The Naming of Nelson and its streets



On 22nd February 1841 the New Zealand Company in London announced that its second settlement in New Zealand (after Wellington) would be named Nelson, and that its establishment would be led by Captain Arthur Wakefield. The Company was honouring England’s recent war heroes, Field Marshal The Duke of Wellington and Vice-Admiral Horatio Nelson.

The Street Naming Committee
On 12 March 1842 as the survey of the 1,100 one-acre sections of Nelson Town was nearing completion a public meeting was held to appoint a street naming committee. Sixteen men were appointed. The Committee were to listen to the inhabitants, and publish their decisions weekly. They were to “retain as far as practicable the native names of mountains, valleys, rivers, and other objects of nature; and that in the names of streets, roads, squares and other public places, care should be taken to perpetuate the recollection of events connected with the career of Nelson”.

The First Meeting
The first working meeting was held on 24th March with 29 names approved. The majority of the names related to Nelson’s career: Trafalgar, Nile, Victory, St. Vincent, Vanguard, Hardy, Collingwood, Hallowell etc.. Some were descriptive: The Market, The Fish Market, The Cattle Market, The Haven Road, Bridge Street. Two names recognised recent events: The Arrow Rock and Fifeshire Island. Only one Māori name appeared: Weimea [Waimea] Street. The Nelson Examiner of 26 March 1842 published the full list:

The Second Meeting
At the second meeting on 31 March 1842 Washington, Wellington, Tasman and Van Diemen were commemorated as were Lords Russell and Stanley (both Secretaries of State for the Colonies). Several of the early immigrant ships were recognised – Brougham St., Mary Ann St., Auckland Point and Bolton Roads, and there were some descriptive names: Mill St., Mount St., and Brook St.. Mindful of the instruction to use native names where possible, nine Māori street names were approved: Maitai Road, Manuka St., Weimea Road, Ngāti Tama St., Ngatiawa St., Kafia St., Tepea St., Emanu St., and Towaitowai St..

Ngāti Tama and Ngātiawa are tribes from Taranaki who settled in the region after the 1828-1832 conquest. Kafia (Kawhia, now Kawai Street) was the name by which Ngāti Koata of Rangitoto (D'Urville Island) were frequently known in the 1840s; initially from Kawhia they had settled at D'Urville Island and surrounding areas in c.1825 after forming a truce with Ngāti Kuia, the previous inhabitants. Tepea Street which appears on an 1842 map as Tipahi (and sometimes Tepahi) is a puzzle; the only possible interpretation is that “te pahi” refers to a camping site. Emanu Street (now Emano) was named after Wi Katene Te Puoho a.k.a. Te Manu, Ngāti Tama chief at Wakapuaka when the Company arrived. Towai-towai Street is now known as Toi-Toi St; towai is a native tree that grows north of Auckland; its close relative, kamahi, grows in the Nelson region.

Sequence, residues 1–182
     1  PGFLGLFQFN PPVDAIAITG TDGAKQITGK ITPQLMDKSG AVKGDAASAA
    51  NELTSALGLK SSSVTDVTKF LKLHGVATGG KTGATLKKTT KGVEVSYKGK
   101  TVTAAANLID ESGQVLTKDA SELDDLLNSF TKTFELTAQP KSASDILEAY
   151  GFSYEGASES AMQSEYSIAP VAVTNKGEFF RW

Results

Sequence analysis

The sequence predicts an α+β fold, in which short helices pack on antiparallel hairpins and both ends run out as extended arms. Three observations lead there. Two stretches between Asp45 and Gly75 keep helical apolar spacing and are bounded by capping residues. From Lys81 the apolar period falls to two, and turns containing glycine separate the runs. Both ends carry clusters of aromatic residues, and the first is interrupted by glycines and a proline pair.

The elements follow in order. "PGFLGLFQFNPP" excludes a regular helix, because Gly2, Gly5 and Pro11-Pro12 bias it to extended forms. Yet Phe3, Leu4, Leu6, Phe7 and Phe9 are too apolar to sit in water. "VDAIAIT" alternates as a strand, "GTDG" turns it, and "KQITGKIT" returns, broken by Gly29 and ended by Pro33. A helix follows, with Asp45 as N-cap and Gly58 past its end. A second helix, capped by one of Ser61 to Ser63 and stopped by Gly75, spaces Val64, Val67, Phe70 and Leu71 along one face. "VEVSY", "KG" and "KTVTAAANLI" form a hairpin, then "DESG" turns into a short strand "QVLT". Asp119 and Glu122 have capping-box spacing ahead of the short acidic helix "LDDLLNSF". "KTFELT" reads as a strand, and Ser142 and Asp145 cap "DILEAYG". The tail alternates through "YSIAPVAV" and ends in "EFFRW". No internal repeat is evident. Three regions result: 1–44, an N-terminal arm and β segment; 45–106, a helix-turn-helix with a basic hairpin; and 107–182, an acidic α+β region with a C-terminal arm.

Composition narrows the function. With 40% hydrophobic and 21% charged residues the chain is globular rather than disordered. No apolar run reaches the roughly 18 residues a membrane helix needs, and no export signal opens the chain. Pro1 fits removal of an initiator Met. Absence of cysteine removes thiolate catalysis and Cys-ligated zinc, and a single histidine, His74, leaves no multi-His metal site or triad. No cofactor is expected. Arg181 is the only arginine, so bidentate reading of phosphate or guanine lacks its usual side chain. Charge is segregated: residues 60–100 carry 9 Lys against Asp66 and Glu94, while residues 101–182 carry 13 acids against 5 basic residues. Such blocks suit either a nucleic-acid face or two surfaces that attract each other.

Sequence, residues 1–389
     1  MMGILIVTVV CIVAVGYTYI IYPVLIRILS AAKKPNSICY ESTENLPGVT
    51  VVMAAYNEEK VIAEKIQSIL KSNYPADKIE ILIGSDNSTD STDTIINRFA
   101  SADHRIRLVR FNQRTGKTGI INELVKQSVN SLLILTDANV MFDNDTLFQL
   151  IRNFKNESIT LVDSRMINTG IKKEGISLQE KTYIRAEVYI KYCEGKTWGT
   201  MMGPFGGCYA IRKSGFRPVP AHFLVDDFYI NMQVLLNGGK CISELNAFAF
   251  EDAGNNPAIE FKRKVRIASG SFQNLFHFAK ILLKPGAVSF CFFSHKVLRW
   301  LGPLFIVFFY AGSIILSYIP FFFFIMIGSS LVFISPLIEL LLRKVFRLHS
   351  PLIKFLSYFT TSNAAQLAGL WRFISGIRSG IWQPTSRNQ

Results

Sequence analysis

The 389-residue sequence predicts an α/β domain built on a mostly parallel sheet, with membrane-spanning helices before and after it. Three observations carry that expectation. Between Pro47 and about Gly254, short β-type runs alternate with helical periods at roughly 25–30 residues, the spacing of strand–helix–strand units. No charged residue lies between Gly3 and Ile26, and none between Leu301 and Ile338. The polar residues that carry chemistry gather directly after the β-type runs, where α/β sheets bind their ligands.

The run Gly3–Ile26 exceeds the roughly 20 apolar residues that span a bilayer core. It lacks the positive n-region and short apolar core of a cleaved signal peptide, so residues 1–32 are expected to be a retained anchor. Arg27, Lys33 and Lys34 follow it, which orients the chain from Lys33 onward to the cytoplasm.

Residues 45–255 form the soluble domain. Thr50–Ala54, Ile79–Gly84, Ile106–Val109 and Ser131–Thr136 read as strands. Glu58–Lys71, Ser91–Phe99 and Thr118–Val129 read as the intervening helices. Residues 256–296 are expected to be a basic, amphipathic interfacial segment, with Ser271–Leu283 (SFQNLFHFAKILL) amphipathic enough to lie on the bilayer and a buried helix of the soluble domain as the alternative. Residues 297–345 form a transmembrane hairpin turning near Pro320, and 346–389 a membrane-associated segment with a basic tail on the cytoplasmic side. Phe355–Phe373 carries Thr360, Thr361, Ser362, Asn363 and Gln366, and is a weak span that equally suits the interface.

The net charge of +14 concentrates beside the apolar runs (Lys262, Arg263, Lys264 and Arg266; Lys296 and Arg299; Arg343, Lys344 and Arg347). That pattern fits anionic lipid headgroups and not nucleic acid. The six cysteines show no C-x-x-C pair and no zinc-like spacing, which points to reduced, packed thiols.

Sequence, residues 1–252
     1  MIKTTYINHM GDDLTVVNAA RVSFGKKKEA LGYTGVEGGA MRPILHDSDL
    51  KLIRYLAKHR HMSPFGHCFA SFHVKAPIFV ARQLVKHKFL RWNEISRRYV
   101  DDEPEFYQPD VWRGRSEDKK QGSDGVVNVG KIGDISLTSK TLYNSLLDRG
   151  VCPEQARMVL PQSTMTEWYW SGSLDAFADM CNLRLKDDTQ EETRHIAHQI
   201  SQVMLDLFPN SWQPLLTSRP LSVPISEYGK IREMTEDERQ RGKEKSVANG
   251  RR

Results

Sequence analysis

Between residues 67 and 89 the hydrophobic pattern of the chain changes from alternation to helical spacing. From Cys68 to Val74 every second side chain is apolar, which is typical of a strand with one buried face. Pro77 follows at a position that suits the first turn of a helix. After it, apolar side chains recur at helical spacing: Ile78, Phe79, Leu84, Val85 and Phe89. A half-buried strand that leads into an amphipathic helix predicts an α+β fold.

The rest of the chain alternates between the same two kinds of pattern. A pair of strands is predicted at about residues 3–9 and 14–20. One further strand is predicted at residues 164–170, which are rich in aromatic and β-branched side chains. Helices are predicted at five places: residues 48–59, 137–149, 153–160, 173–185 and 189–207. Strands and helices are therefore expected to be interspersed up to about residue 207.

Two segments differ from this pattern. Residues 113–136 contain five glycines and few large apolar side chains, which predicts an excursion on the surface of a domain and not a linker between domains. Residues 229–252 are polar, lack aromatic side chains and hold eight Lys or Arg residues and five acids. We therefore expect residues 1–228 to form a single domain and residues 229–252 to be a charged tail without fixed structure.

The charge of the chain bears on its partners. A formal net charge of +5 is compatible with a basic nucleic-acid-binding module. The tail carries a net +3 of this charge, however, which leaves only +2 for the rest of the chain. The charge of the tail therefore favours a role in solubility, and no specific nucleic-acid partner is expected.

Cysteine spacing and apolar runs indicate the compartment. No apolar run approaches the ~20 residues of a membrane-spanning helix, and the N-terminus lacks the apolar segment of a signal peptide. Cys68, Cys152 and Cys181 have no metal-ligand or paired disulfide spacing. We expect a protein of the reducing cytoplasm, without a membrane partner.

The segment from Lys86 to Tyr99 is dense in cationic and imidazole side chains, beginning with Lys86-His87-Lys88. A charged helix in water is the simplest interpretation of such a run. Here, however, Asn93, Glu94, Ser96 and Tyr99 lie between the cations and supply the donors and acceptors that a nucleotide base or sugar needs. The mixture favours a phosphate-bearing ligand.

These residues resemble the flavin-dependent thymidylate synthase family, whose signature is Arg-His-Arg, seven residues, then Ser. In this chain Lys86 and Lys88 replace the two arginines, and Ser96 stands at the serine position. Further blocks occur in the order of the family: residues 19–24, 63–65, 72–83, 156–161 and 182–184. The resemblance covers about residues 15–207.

The Third Meeting
At the third meeting on April 7 1842 another 29 names were chosen. Wakefield Quay was named after Arthur Wakefield, Shakespeare Walk and Milton Grove honoured two of England’s greatest poets, and a number of other British dignitaries were celebrated: Shelbourne, Grattan, Roseberry, Franklin (now Franklyn). A number of British place names – Hampden, Hastings, Cleveland, Gloucester, Cambria, Malvern and Grampians – were selected, as well as Tory Street after the New Zealand Company’s first ship to New Zealand, Murphy St after an early settler and Jenner Heights after a surveyor. Seven streets and roads were given Māori names: Motuaka (Motueka), Takaka (now Tukuka), Parere, Waikatu, Totara, Weka and Moutere Road. Motueka and Takaka were names from Hawaiki transposed on the first Pacific immigrants’ new landscapes, Parere is a mystery, and Waikatu may have referred to Wakatu, the traditional name for the Nelson area. Totara and Weka are probably descriptive; Moutere Road, which ran from Mill Street to Hanby Park, refers to an island.

Nelson’s Names
Nelson has a rich mix of names to reflect its heritage: Horatio Nelson–related names, names of important people, geographically descriptive names, Māori names, British place-names, and names with special meaning for the new immigrants.


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